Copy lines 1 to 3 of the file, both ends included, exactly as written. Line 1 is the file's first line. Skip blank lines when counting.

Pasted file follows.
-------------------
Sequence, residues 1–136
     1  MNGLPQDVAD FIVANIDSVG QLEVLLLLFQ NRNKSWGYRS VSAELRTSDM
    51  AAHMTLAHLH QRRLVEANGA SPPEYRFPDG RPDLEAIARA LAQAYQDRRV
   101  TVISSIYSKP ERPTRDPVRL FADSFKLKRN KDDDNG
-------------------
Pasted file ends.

Sequence, residues 1–136
     1  MNGLPQDVAD FIVANIDSVG QLEVLLLLFQ NRNKSWGYRS VSAELRTSDM
    51  AAHMTLAHLH QRRLVEANGA SPPEYRFPDG RPDLEAIARA LAQAYQDRRV